Updated: Sep 19
What is meant by “it”? "It" refers to depression, anxiety, bipolar disorder, and/or eating disorder. We all know that depression and anxiety are the most common in this world today. How do we respond to it?
I want to start off by saying that mental health is important: we should always reach for help. I know it can feel devastating talking to someone about your problems who might not understand your situation, but it always is worth it through the end.
What does depression do to our mind and body?
Imagine getting up every day going to work or school doing the same routine every time you get out of bed. Do you feel tired? Or sad about the lifestyle you lead? According to healthline.com, “feeling sad or anxious at times is a normal part of life, but if these feelings last more than two weeks, they could be symptoms of depression." If you are getting out of bed feeling sad that you must get to work and school you might just call it day and not go.
How do we respond to it?
There are ways that you can tell that it's not good to feel like this by staying in bed all day. The way our mind acts towards this lack of motivation is by collapsing our body to not move forward to where we need to be. It's like we let ourselves be this way when it's something that is impacting us mentally. Familydoctor.org stated that when you are stressed, anxious, or upset, your body reacts in a way that might tell you that something isn't right. Additionally, the pandemic has a huge impact on leaving people with such grieve for losses.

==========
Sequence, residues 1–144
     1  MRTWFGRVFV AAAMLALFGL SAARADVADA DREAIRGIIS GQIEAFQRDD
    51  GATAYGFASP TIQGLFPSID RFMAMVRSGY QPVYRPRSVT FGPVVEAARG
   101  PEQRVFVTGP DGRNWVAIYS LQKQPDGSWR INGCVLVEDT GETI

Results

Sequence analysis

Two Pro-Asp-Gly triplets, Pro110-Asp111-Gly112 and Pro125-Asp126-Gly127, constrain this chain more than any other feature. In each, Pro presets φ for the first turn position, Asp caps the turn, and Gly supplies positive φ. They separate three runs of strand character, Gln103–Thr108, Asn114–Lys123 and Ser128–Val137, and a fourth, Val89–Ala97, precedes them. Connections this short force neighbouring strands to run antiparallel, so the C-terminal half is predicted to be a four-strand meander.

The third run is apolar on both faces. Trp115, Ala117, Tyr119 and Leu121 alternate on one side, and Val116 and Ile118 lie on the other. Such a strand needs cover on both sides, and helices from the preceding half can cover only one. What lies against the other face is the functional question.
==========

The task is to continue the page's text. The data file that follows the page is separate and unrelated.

Resources to go to for help is:
- Seek out a counselor, lifestyle coach, or therapist
- Discuss your symptoms with your doctor
- Attend a virtual/in-person support group
- Take a temporary break from work/school to focus on improving your mental health
To reach for help: https://www.healthline.com/health/depression/effects-on-body